To leave or stay is one of the biggest questions many ask, and opinions are certainly varied on the matter. We certainly cannot advise you one way or the other, but we can suggest a few options for your consideration. Your decision may be based on your property situation, personal situation and transport options. You may wish to consult the local SES or fire brigade for advice NOW, before an emergency arises.
Whatever you decide, make sure everyone knows what the plan is, including those who are in care of your pets if you are going away (of course depending on if it is safe for them to get to your place). Have a copy stuck up in your home, stable &/or feed shed – really, in as many places as possible, so in a stressful situation it’s easy to find and remind everyone of what they need to be doing. Hold practice fire drills so everyone is familiar with the motions of the plan.
If agisting, work with your agistment property owner to have a plan in place and try and get all other agisters to know what it is, as fires may break out when any one of you is there.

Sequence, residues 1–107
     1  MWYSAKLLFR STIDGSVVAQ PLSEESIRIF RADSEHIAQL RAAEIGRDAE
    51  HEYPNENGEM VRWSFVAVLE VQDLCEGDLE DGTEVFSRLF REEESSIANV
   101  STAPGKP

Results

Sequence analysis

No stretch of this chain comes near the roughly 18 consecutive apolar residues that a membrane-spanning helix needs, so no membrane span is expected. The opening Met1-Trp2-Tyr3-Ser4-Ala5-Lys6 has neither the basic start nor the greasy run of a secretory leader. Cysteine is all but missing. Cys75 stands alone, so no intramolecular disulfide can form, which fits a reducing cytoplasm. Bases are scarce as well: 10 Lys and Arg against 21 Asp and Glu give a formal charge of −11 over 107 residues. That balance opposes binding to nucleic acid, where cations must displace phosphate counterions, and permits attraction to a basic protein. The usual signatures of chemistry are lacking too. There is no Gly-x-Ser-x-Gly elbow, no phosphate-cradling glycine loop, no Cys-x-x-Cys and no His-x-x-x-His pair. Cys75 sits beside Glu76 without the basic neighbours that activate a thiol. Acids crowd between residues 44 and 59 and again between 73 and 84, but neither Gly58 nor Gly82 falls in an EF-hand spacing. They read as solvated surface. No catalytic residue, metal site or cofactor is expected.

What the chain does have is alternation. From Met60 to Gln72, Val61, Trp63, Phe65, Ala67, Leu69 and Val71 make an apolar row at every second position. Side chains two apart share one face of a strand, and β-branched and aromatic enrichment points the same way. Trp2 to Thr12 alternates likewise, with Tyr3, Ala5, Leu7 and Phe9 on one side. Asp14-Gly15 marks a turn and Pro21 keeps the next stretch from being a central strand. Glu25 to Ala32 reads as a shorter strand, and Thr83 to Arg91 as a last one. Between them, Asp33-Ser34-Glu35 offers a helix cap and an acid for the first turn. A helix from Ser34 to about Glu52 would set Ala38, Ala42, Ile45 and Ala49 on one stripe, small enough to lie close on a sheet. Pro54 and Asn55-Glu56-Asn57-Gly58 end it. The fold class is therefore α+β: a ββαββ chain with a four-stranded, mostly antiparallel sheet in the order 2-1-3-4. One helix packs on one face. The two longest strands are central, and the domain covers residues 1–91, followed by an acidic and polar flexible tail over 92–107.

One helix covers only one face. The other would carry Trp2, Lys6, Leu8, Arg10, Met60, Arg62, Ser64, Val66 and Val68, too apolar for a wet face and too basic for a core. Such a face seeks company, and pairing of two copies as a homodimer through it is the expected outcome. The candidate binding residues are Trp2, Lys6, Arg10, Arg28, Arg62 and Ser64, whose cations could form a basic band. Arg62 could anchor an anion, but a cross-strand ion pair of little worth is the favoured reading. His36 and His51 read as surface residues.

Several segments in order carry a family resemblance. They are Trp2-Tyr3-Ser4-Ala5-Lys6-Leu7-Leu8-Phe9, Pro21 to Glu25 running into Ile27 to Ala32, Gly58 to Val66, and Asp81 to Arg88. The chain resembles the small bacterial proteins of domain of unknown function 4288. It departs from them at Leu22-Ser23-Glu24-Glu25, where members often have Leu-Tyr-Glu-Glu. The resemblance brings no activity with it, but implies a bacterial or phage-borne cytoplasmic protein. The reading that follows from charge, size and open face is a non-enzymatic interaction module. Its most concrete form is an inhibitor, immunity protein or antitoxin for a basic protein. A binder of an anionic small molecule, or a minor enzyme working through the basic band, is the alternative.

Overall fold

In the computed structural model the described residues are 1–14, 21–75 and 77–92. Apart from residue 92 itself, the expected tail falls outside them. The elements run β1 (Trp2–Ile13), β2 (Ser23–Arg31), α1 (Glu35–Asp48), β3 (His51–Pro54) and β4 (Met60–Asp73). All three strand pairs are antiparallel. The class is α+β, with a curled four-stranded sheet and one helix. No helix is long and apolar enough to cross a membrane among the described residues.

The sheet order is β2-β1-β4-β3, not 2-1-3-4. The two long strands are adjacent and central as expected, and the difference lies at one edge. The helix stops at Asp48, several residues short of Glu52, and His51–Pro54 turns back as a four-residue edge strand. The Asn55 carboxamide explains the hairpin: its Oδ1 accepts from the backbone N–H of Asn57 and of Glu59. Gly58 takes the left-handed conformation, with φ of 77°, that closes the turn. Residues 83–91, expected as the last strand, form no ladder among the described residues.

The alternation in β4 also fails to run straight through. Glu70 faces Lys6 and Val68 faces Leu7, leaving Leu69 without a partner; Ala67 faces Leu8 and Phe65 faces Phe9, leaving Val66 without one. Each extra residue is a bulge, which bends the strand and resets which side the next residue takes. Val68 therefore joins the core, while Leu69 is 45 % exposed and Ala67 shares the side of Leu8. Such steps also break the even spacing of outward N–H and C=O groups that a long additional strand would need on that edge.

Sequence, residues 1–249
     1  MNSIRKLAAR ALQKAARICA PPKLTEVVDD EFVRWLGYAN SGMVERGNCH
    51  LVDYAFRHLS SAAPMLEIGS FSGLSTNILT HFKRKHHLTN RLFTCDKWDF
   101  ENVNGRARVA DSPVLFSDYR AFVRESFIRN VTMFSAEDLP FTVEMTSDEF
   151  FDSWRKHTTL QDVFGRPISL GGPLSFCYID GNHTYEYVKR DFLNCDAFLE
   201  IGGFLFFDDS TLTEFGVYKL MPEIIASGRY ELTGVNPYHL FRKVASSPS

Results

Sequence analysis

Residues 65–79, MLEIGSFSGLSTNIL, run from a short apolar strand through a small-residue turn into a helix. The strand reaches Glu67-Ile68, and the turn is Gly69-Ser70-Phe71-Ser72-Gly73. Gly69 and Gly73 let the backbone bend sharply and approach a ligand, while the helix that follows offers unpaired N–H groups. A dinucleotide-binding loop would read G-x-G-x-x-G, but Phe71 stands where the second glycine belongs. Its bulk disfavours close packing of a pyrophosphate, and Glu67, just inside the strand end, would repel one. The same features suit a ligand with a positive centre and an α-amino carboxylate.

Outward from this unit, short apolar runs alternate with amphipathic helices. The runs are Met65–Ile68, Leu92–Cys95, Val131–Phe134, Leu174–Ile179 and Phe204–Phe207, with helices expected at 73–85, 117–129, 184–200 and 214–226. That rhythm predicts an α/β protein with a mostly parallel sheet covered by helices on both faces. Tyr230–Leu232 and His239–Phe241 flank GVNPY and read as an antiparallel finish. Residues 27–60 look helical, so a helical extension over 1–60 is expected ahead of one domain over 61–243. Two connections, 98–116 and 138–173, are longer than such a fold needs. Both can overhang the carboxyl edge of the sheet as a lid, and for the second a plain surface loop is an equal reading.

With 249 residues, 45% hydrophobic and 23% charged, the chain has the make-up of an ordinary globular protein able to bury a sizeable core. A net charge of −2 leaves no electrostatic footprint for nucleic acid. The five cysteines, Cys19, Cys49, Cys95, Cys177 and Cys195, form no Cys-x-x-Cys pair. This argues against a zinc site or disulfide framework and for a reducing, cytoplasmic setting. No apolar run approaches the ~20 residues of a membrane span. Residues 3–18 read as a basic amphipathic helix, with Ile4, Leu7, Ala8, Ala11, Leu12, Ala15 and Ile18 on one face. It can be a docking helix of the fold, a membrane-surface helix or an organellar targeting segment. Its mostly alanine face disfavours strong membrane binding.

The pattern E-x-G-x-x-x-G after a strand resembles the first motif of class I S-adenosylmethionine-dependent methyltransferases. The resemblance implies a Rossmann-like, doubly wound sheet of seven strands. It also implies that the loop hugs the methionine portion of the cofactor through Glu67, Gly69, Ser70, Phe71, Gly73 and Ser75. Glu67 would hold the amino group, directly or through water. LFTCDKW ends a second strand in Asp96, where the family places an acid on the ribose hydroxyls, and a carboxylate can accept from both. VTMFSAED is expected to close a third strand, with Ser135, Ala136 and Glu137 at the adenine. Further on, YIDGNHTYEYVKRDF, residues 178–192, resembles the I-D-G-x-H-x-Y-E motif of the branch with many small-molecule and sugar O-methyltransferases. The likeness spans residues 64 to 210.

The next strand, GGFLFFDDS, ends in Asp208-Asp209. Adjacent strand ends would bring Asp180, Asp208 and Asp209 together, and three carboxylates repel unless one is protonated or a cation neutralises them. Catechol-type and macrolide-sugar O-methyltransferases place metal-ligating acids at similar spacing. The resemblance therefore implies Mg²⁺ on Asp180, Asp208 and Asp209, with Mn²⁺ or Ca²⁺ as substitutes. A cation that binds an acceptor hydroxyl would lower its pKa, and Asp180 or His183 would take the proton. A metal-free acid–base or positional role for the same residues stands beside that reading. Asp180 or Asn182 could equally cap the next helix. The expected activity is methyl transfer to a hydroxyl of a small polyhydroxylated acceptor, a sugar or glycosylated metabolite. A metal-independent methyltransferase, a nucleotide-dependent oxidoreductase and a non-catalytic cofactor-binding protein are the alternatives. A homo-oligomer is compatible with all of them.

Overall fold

If you are planning to evacuate, make sure everyone knows your plan! If it looks like bushfires are about and you plan to evacuate, always do so early. You choice of evacuation property may be local showgrounds, pony clubs, friends, or an agistment property. Make sure you’ve arranged everything beforehand, and you are aware of the property’s suitability in the bushfire season.
If possible, design several escape routes from your property. You may wish to decide these in conjunction with a fire authority such as the SES, to determine the safest routes given your locality.
Remember, even if you do plan on evacuating, there are some circumstances which may prevent you getting away, so it is always a good idea to have a plan in the event you and or your horses cannot leave the property.
Consider whether you can transport all of your horses: if you have to take some/leave some, which ones? As awful as this may be to think about, it is best that everyone knows so precious time is not wasted in deciding. Practice floating so it is a smoother process. For more on safe floating practices, see here.
Ensure you have a designated ‘safe’ paddock. Ideally this would be the largest paddock on the property, so that your horses have a greater chance of getting away from the flames. You may make this ‘safe’ paddock bigger by opening gates to allow access between other paddocks. It is a good idea to walk your horses around the safe paddock/s so that they are familiar with the general layout, especially so that they know where gates are if you are joining paddocks.